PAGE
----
"I'm working in a 5 team tech startup. We have come up with a product for Android all coded up and designed nicely, back-end server running with a rather poor right now but functional database and get's the job done for a start...And the bigger problem is, somehow, all the co-founders reached on their OWN, the conclusion that the founder/CEO is absolute horseshit. He knows all the buzz words, practices none. and the product literally came from 3 cofounders. [sic] All that the founder did was put together the team, convince one of the founders to contribute a good amount of cash and join him, and convinced the rest of the team that he knows what he's doing.
One idea is to kick him out, because most of us have invested too much in it to let it go like that. If we leave, he has no product, at all. 0. [sic] Because obviously we will take it with us. Thing is, how do we fix this hurricane in the nicest way possible while hopefully still keeping in touch as friends?"
The situation reads like a typical Twitter scenario, when several Co-Founders gang up on one Co-Founder and oust him/her out. This was also the case with Tesla, when Elon Musk decided the other Founder, Martin Eberhard needed to go.
After the initial infatuation of the startup launch, Founders might face the grim realities of being in a dysfunctional long-term relationship when the culture of the company they create leads to competitive behaviours. When Founders are fighting for positions, credit, projects and accounts, they are not working in conjunction with their strongest assets.
The third reason why Founders are fired from their own companies is when the company hires too many people in an attempt to scale prematurely, and negative net income starts to bleed investors dry. (This is also the second primary reason why startups fail.) Groupon and Zynga exemplify this, although Zynga's Mark Pincus has recently been re-instated to his CEO position just last month; however when a company fails to scale successfully, and the burn rate catches on like a house on fire, take a guess who the Board of Directors will decide to fire or rather point the finger to blame for the mistake; certainly not a fault of the Board of Directors, whose collective presence was probably there for every expansion decision made, but The Founder CEO of course.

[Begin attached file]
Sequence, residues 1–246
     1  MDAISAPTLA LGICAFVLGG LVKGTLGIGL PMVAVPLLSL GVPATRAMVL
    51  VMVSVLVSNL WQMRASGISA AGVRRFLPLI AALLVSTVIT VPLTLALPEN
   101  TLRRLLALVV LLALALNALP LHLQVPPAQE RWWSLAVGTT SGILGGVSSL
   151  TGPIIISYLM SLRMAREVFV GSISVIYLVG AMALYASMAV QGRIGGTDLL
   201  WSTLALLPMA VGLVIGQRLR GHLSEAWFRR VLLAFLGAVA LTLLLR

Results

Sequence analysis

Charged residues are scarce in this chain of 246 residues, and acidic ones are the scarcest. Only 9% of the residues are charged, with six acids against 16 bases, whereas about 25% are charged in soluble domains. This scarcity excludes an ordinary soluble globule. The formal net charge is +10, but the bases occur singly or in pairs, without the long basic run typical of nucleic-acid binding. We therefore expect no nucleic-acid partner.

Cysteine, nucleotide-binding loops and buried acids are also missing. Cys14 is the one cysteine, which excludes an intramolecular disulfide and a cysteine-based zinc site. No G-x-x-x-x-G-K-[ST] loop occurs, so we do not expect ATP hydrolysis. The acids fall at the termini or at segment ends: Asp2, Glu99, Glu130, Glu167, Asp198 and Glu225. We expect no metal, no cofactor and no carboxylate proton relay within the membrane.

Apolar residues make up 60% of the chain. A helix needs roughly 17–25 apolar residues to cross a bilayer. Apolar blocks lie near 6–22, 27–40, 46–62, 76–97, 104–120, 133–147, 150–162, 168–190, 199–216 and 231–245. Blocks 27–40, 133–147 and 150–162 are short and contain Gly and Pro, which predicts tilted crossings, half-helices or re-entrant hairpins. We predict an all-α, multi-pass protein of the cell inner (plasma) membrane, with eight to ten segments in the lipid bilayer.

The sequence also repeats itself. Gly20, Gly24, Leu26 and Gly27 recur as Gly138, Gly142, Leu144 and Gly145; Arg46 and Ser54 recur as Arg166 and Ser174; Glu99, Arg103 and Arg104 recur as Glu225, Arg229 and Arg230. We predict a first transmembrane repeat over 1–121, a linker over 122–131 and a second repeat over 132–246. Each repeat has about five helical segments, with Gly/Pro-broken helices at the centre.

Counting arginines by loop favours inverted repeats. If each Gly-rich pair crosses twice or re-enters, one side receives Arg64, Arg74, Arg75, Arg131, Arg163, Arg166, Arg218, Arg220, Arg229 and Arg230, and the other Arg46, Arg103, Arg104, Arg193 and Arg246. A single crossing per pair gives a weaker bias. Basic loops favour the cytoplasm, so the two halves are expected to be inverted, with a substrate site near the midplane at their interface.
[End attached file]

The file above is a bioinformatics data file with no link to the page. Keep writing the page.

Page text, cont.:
An anonymous Founder has the following to say after being fired:
"Advice to other founders
This is every founder's nightmare. My advice: first, don't ever shortchange the time you spend with your board members. Build really good relationships with them.
And recruit for personality. My board would be perfect for a large foundation but it's the wrong board for a small entrepreneurial nonprofit. I admit that I had a big role in recruiting. Why did I recruit them? Because I didn't know what I was doing. They have no spine.
They chose to be unengaged and I let them do it. The finance committee did meet every month and we went over the finances in painful detail. This group of people didn't want to spend the time to be good board members. They were just interested in the once-a-month meeting.
I've changed my mind about being a voting member of the board. They couldn't have met without me if I had been a voting member. The dynamic was that they had all the power and I had none."
However, if you're a Founder who's been ousted from your own company, don't fret. Chances are, you will go on to do even better things and become Founders again of other companies as in the case of Cisco's Sandy Lerner who founded Urban Decay and Yahoo's Jerry Yang, who became an early angel investor in Alibaba; or, as in the case of Elizabeth Gooch and Steve Jobs et al, you might be asked to come back and take your rightful place as Founder CEO once again when the Board of Directors realise that the grass isn't greener after all.
By Sierra Choi, Director of Marketing
[disclosure: Sierra Choi is also currently a Co-Founder of a start-up, Quantumemory, who is building her Board of Directors]